My obsession started when I was 10 years old. A song that started with an isolated, bending bass note – boing!
The man on the TV had a pudding basin haircut and big cap (think Peaky Blinders), a shirt, stripy thin tie and waistcoat, as if he stepped out of the 1920s. Nobody else looked like this in the early 1970s. Then he began to sing:
“If I give up the seat I’ve been saving, to some elderly lady or man,
Am I being a good boy,
Am I your pride and joy,
Mother, please, if your pleased,
Say I am…”
And so my love for Gilbert O’Sullivan began. That was 45 years ago.
Then, last year, there was an opportunity to see him in St Albans, Herts, but circumstances meant we didn’t go. But now this chance had to be taken and I booked two tickets for Lady Barton St Mary and I in the front row of the circle, the best place to watch anything at Cheltenham Town Hall, unless you’re 6’7″, when you can see everything from the stalls, usually sat in front of me.
“What hits has he had? I know ‘Claire’,” said Lady BSM on the car journey to Cheltenham.
I reeled off the list: Alone Again (Naturally), Nothing Rhymed, Matrimony, We Will, Oo Waka Doo Waka Day, Ooh Baby, Get Down, Why Oh Why Oh Why, What’s in a Kiss?…
She looked at me curiously. I hardly ever listen to Gilbert O’Sullivan these days.
In 1973, at the height of his fame, my sister Nanny Janet made me a Gilbert t-shirt, using the transfer that came free with the ‘I’m a Writer, Not a Fighter’ album. I played this record to death, along with his debut ‘Himself’ and ‘Back to Front’. I think I can reel off the lyrics to nearly every track on these three ‘long players’ even now.
Of course, no other child at my school was remotely interested in Gilbert. I was regarded as a curio – they were listening to Slade and The Sweet, I was informing them that Hurricane Smith’s ‘Who Was It?’ was actually written by Gilbert. I had a Gilbert O’Sullivan songbook. I knew his real name (Raymond Sullivan), I knew where he was born (Waterford, Ireland, 1st December 1946, a few days before David Bowie) and where he grew up (Swindon, Wilts).His manager was Gordon Mills, who also looked after Tom Jones and Englebert Humperdinck. His records were released on the MAM label. I even received Christmas cards from schoolmates with ‘to the Gilbert fan’ scribbled on the envelope.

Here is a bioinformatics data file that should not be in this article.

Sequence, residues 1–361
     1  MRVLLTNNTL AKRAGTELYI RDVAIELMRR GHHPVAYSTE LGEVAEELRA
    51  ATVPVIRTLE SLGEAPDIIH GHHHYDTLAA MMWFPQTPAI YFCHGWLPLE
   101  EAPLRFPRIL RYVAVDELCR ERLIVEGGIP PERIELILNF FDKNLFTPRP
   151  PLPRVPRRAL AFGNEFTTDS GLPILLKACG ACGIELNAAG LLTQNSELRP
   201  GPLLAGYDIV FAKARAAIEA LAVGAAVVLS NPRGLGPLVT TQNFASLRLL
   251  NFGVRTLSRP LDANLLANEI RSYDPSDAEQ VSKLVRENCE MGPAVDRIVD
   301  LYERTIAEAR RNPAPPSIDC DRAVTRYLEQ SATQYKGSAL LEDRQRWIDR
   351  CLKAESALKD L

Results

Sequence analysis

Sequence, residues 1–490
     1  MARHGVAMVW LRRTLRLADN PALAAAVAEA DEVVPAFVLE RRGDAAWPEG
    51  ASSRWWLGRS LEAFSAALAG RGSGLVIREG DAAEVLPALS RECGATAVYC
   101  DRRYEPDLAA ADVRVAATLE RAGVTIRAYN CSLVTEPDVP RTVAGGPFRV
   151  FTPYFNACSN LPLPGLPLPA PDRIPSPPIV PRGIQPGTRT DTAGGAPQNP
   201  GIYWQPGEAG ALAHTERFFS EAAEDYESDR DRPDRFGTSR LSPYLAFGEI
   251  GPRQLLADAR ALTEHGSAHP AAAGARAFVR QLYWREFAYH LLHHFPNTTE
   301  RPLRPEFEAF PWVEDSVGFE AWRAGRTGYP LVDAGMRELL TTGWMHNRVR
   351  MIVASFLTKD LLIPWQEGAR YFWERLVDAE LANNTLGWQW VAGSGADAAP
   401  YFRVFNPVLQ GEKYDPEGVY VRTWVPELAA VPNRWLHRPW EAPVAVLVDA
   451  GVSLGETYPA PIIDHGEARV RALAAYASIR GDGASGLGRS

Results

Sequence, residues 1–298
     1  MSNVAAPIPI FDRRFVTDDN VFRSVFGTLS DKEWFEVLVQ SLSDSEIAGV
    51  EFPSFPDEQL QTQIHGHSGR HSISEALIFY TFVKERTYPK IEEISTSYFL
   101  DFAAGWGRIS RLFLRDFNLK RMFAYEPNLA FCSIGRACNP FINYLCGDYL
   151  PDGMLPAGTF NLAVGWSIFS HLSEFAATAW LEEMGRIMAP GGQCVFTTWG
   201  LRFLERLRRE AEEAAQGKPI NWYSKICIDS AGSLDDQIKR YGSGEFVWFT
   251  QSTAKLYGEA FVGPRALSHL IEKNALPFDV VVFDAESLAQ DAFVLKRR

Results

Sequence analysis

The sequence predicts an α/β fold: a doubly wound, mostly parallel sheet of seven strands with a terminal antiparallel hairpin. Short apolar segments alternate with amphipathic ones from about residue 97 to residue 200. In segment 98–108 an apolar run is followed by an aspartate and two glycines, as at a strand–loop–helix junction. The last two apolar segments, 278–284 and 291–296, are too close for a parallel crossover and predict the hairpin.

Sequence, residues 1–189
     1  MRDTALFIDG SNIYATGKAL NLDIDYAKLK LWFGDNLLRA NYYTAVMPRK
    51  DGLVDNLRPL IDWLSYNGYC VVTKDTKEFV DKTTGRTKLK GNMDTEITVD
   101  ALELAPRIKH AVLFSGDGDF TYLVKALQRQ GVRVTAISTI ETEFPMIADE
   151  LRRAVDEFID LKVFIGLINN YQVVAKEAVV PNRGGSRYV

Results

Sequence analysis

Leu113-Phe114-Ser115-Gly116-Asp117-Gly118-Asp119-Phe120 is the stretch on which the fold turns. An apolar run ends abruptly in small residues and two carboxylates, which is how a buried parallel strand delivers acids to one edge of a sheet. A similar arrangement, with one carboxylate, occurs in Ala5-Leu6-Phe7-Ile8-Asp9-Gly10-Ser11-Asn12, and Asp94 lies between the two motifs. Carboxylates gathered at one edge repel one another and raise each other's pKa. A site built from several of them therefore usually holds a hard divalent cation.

By 1976, Gilbert was taking up less of my life, I’d discovered punk and my record collection grew. By my 20s, Gilbert, to my shame, was all but forgotten, consciously.
But now, sitting in the circle, surrounded by much older people, who would have been more likely Gilbert fans back in the day.
At 7.30 sharp, accompanied by a band of musicians and backing singers, he appeared onstage to rapturous applause, starting with ‘Thunder and Lightning’.
Second song up was ‘Nothing Rhymed’ – fantastic, and so early in the set.I feared that Gilbert may be shy, but after ‘Nothing Rhymed’, he took time to engage with the audience, straightforward, matter of fact, confident, even halting one song, explaining he was in the wrong key. Memories flooding back, watching that unique piano technique, his left hand like a karate chop to the piano keys.
The songs flowed : Houdini Said, Out of The Question, Oo Waka Doo Waka Day, Time for Tea, We Will… then a particularly clever reggae version of Why Oh Why, interspersed with newer material and songs from albums released throughout the last five decades. Here is an artist who has never stopped releasing music – it’s just that it doesn’t get played. His latest single, ‘No Way’, is on radio playlists – he explained that people asked him for years why wasn’t being played on the radio, now they’re complaining that they hear his song all the time!
‘Lost a Friend’, a song I didn’t know, was written as a tribute to John Lennon. Gilbert dedicated it to David Bowie, Terry Wogan and Colin Vercombe of Black fame, who died from injuries sustained in a car crash last December.
Lady BSM and I had wondered what the finale would be. We both decided it would be ‘Get Down’ or ‘Claire’. Sure enough, Claire finished the show, with the backdrop of the video from the early 1970s, Gilbert chasing young niece around a garden before sweeping her up into his arms. At the time this film was made, it was considered endearing. In more cynical times, post Operation Linden Tree and various sex abuse cases, it made me feel slightly uncomfortable.
Gilbert returned for an encore of ‘Matrimony’ and a rock and roll, stand on the piano stool, all join in rendition of ‘Get Down’. As the crowd in the stalls made their way to the front to dance, it was interesting to observe that they tired rather quickly.
Then, to wild applause, Gilbert said farewell. A familiar smell wafted in the air from the assembled Gilbert fans. In 1973, it would have been patchouli. In 2016, it’s mothballs.
Thanks Gilbert, you’re still brilliant. I promise to listen more often.